Skip to comments.Cook Your Lunch on The Asphalt: An Interesting, yet Disturbing Reality (Global Warming Menu)
Posted on 06/15/2014 11:28:49 AM PDT by nickcarraway
There is no better way to grab attention by launching a marketing campaign that involves interaction with people, done in public places.
This is exactly what WWF Paraguay is doing.
In order to raise awareness on global warming issues, WWF Paraguay launches Global Warming Menu an on-the-road event featuring cooking for lunch done on the asphalt.
What? Yes, you heard that right. WWF Paraguay team cooks meals on the asphalt and serve them. They look nice. No stove required. Its an interesting event in itself but the big question is why?
Paraguay is one of the hottest countries on the earth and its capital, Asuncion, is one of the hottest cities in the world. You may argue that temperature has always been this high in the past, but when you destroy 80 percent of native forest in the past 50 years, that will have an impact on the earth temperature in one way or another.
This is a serious problem. Global warming is a big issue and to raise awareness, organizations need to become more creative in their persuasion. WWF Paraguay has done it pretty well just have a look at the comment section of the YouTube video: There are pros and cons and conflicting opinions about global warming, which means that the campaign is a success in term of raising awareness on global warming.
What businesses can learn from WWF Paraguay is this: Talking without action is useless. It doesnt put your message across to your audience effectively. You need to demonstrate your message. Lesson learned. How about you? What do you think of the video?
An aluminum oven IMHO, does the job better than asphalt. Just make sure to take into account the time it takes to let the Sun heat it up.
They do not care if it was this warm in the past... the whole point is the drama queening.
I prefer my car roof. No bending!!
This is what makes it nice for us “roadkill” crowd. You can take it home to the family already prepared and ready to eat.
Not much good for a midnight snack though.
Or use the natural method...dung...like they do in places like Afghanistan.
We did that 60 years ago growing up in India. Temps in my town reached 115 F in summer regularly. Nothing new here.
My parents used a common practice in India to hang curtains in a door made of some fine roots of a tree. Water was sprinkled on the curtains and the breeze coming in cooled the air. The roots had a pleasant fragrant smell to boot. Afternoons were for relaxing, playing cards and siesta time.
Scouts Out! Cavalry Ho!
... I remember when I was a wee kidling .... before Global Warming was so serious .... way back when Global Cooling and the coming Iceage was inevitable .... we used to fry eggs on the pavement in the summertime..... probably for the last time we feared ... because there would be no more summers left for us to do it. Many decades later people are still doing it. This time it’s as evidence to prove Global Warming.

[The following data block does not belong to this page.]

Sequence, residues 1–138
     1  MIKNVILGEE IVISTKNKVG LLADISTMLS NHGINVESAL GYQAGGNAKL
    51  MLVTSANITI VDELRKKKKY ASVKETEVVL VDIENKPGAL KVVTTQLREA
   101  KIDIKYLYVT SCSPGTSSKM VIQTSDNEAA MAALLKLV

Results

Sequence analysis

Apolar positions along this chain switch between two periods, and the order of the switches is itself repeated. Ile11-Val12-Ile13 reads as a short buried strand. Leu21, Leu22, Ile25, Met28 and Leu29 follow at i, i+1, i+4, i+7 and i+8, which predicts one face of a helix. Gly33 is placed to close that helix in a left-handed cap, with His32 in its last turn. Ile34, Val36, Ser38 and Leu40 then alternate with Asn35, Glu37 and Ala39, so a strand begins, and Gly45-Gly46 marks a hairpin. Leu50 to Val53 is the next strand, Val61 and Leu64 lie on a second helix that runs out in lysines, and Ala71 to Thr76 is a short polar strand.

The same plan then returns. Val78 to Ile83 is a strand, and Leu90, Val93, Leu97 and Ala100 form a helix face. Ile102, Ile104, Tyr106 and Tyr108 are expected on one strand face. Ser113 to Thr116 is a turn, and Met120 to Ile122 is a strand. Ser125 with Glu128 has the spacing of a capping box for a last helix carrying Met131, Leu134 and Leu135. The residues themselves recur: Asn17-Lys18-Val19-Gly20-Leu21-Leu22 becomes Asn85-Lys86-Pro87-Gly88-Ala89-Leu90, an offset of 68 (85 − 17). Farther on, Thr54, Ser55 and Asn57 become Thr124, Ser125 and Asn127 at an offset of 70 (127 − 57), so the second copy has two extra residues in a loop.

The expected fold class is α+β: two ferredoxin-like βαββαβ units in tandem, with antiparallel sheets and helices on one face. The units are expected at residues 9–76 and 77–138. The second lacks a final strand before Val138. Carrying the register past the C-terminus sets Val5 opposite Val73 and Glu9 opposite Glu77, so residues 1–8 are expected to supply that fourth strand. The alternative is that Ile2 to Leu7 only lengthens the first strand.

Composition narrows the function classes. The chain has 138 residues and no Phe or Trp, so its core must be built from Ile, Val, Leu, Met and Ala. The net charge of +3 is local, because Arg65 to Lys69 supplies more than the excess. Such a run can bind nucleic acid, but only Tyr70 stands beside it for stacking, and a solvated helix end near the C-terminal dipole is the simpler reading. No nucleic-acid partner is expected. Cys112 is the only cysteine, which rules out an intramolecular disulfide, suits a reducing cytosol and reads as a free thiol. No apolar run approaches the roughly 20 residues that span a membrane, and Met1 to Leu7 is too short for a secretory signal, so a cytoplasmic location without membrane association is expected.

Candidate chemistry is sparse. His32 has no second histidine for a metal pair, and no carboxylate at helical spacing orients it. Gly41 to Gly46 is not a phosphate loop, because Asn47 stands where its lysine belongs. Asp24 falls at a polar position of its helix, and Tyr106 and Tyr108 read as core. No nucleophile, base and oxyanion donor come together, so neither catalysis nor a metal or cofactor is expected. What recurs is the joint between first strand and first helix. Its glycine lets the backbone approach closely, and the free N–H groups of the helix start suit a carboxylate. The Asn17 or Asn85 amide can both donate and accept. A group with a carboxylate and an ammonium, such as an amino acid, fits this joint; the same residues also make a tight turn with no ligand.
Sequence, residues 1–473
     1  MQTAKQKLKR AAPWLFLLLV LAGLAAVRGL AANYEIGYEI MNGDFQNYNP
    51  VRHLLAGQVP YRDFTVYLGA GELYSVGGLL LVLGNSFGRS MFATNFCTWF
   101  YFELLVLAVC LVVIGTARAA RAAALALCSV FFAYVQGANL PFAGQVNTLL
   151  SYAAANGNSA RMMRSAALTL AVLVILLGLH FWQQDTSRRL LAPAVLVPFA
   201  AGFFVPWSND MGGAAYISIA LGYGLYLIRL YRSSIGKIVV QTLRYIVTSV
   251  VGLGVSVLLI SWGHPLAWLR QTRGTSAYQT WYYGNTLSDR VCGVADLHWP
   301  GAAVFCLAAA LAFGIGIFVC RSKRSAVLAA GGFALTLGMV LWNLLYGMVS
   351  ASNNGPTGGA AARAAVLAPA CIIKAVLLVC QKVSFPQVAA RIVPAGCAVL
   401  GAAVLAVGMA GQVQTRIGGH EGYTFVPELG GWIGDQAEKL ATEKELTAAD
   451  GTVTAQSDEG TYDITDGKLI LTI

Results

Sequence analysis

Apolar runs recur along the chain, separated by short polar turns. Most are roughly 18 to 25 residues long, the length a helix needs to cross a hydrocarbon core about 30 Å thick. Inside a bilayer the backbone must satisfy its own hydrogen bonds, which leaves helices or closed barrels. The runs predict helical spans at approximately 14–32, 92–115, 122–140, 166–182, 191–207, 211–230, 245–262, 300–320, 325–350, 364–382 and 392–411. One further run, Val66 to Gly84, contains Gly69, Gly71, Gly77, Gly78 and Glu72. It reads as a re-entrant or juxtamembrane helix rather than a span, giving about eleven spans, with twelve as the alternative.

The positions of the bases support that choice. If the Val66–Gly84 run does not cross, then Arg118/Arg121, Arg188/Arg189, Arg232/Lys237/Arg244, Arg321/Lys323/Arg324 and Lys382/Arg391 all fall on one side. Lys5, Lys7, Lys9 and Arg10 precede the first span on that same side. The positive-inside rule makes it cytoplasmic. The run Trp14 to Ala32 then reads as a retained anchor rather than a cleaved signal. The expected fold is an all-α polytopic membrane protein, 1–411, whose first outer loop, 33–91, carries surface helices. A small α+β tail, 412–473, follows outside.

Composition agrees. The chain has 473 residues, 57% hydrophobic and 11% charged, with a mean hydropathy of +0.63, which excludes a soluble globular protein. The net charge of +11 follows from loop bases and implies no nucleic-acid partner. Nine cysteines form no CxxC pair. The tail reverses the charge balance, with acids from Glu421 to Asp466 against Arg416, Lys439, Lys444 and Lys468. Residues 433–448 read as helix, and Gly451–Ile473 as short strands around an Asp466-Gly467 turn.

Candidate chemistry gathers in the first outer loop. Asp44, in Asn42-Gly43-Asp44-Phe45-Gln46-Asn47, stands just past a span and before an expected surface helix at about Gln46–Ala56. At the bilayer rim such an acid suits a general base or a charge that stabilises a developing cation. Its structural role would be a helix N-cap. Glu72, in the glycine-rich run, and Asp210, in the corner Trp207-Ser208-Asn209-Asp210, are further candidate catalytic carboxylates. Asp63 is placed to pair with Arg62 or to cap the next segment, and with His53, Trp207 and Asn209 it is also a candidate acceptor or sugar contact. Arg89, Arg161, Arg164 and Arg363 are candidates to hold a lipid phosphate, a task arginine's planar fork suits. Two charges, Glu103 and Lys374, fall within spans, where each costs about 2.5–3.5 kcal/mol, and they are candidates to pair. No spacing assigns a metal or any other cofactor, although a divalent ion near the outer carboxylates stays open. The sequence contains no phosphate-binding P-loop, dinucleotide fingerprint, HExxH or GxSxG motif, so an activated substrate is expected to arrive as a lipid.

Sheesh. Sounds like a plus to me. Harness that solar energy. :>}
Or Christmas dinner
Southern Paraguays climate is humid, with rainfall distributed fairly evenly throughout the year. In the east, near the Brazilian border, it averages an abundant 2000mm a year, declining to about 1500mm near Asunción. Since elevations do not exceed 600m, temperatures are almost uniformly hot in summer the average high in December, January and February is 35°C (95°F), with daily temperatures ranging between 25°C and 43°C (77°F to 109°F). Winter temperatures are more variable and can reach freezing or hover at 6°C (42°F), though the average high in July, the coldest month, is 22°C (71°F).
Arizona has a dry climate, with little rainfall. Temperatures vary greatly from place to place, season to season, and day to night. Average daily temperatures at Yuma, in the southwestern desert range from 43° to 67°F (6° to 19°C) in January, and from 81° to 106°F (27° to 41°C) in July. At Flagstaff, in the interior uplands, average daily January temperatures range from 14° to 41°F (10° to 5°C), and average daily July temperatures range from 50° to 81°F (10° to 27°C). The maximum recorded temperature was 128°F (53°C), registered at Lake Havasu City on 29 June 1994; the minimum, 40°F (40°C), was set at Hawley Lake on 7 January 1971.
Now I’m hungry !
If geological records are correct, 10,000 years from now, it will be much colder there, more temperant. At 40 degrees north and south, those latitudes will be under a mile of ice, or more.
You have been able to do that here in Texas since the dinosaurs roamed the Earth.
Back in the early 70’s a Bay Area news station fried an egg on the sidewalk during the hot summer, and I have seen it done many times since then when oohs and ahhs are better than uninteresting facts. This is all just political theater.
Crap. Us too. Guess we’re just gonna have to fry us up some eggs on the driveway. A little tough since it’s a paver driveway. :>}